In terms of customization, the 1D X Mark II is highly configurable to suit your shooting style. The camera offers 11 primary customizable buttons, all of which can be re-programmed from a single menu. This Custom Control menu is also accessible via the Quick ('Q') menu on the back of the camera, making it quite easy to configure your controls practically on the fly. For example, I much prefer to use to back-button focusing, especially when shooting subjects like sports or wildlife, and the streamlined access to the Custom Controls menu let me do this in just a few moments.

Hefty, yes, but the 1D X Mark II is a fast, flexible pro-level tool

Overall, from a usability standpoint, apart from the, um, impressive weight, the 1D X Mark II can be very easy and straightforward to use. Given its focus as a professional-level tool, the 1D X II is very streamlined with no extraneous shooting modes or funky filters and creative effects. It's much more a "pure" camera, if that makes sense, which I quite appreciate. On the other hand, the sheer amount of customization, either to the control scheme itself or the various minutiae of performance settings, AF tweaks, numerous exposure-related settings and much more, can feel a bit overwhelming, especially to a non-pro such as myself. Of course, you don't need to spend hours tweaking this setting and that. Right out of the box, the Canon 1D X II can capture amazing photographs, but, as I said, this camera is a professional tool, and it offers an amazing range of fine-grained customizations that pros can use to help get the job done depending on the need.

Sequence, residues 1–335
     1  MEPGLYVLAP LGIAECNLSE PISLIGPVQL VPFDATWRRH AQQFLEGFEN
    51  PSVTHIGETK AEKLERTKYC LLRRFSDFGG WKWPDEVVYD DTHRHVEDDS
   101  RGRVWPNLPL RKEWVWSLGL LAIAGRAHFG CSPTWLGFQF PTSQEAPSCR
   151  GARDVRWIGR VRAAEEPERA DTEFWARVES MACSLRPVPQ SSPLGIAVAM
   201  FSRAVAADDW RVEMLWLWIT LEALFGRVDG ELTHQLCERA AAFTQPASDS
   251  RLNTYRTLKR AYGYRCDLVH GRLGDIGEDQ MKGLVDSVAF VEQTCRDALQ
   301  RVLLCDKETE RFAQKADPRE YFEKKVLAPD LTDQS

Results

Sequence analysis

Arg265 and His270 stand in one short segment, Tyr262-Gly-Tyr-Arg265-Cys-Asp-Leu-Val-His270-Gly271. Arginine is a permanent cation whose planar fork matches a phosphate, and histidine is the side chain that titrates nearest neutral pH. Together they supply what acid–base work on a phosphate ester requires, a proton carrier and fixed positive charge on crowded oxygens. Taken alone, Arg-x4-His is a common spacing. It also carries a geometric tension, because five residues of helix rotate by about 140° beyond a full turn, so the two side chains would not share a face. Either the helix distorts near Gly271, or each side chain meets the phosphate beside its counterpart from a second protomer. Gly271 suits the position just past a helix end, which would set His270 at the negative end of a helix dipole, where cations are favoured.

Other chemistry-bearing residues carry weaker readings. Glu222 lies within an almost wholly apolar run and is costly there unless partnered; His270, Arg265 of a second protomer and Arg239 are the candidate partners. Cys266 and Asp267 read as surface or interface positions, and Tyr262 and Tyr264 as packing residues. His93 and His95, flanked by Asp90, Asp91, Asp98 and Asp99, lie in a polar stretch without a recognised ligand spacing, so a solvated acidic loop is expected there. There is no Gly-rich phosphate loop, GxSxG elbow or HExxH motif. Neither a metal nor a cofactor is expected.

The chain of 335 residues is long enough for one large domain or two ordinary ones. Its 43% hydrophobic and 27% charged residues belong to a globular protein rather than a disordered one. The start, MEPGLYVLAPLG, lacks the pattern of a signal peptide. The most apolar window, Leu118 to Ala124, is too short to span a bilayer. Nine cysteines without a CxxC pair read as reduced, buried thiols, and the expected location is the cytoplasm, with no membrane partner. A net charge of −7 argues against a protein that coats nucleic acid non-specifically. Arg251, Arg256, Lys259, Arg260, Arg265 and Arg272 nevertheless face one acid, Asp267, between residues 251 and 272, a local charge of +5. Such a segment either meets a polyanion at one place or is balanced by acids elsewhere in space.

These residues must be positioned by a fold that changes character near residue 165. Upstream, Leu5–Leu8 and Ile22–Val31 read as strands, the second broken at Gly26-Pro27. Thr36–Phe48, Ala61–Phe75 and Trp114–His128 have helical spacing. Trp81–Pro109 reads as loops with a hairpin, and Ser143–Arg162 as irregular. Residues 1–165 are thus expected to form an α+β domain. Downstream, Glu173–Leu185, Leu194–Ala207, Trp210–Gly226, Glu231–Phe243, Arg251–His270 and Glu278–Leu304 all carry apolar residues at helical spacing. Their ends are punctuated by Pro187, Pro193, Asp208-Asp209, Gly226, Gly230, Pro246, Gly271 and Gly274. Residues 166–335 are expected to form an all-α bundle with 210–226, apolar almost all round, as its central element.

Canon 1D X Mark II Review -- Sample Image
Canon 70-200mm f/2.8L IS II: 70mm, f/2.8, 1/3200s, ISO 250, +0.3EV

Sports Photography: Home sweet home for the Canon 1D X Mark II

Sports photography is one of the main use-cases for a camera such as the Canon 1D X Mark II. As someone who's photographed sports many times, as I worked for a local newspaper company, I was eager to try my hand again at this fast-paced, difficult subject matter. With its super-fast 14fps burst rate, high-performance AF system, a new 20MP full-frame sensor and updated dual processors, and improved high ISO sensitivities, I knew testing the 1D X II on the sidelines would be an excellent way to get a feel for not only its speed and AF performance, but also how the camera handles higher ISOs.

Photographing soccer with a 400mm f/2.8 lens

My first outing was an evening soccer match for the Atlanta Silverbacks. My personal selection of Canon lenses weren't appropriate for this sporting event, so my lens of choice was a 400mm f/2.8L IS II from our IR's headquarters. To be honest, a 1-series and 400mm f/2.8 lens was a combo that I've always wanted to use to photograph sports of some kind. Now, I had my chance!

Right off the bat, you guessed it, the weight of this combo is rather daunting. The lens is obviously massive with a very large barrel of a lens hood. Add the 3.3lbs (1.5kg) 1D X Mark II on the end, and you have a rather bulky rig. But this is a rig you use with a monopod, and once up and running, it works great. The tripod collar plus the gripped design of the 1D body made it very easy to flip back and forth between vertical and horizontal orientations as well as compensate for any monopod tilting as I maneuvered the camera around to get my shots.

Canon 1D X Mark II Review -- Sample Image
Canon 400mm f/2.8L IS II: 400mm, f/2.8, 1/1600s, ISO 2000, +0.3EV
This image has been edited. Click image for full-res edited version, or click here for the original photo.

As expected, the Canon 1D X Mark II has fantastic autofocus

The autofocus performance is fantastic, and even with the very shallow depth of field you get with a 400mm lens at f/2.8, the 1D X II kept up with the fast-paced action shot after shot. As with the predecessor, the 1D X Mark II's autofocus and metering system uses its own dedicated DIGIC image processor -- this time its own DIGIC 6 rather than a DIGIC 4 chip in the Mark I -- which should help provide increased speed and accuracy. Based on my experience, the 1D X Mark II does indeed perform extremely well with both fast and precise autofocus.

Canon 1D X Mark II Review -- Screenshot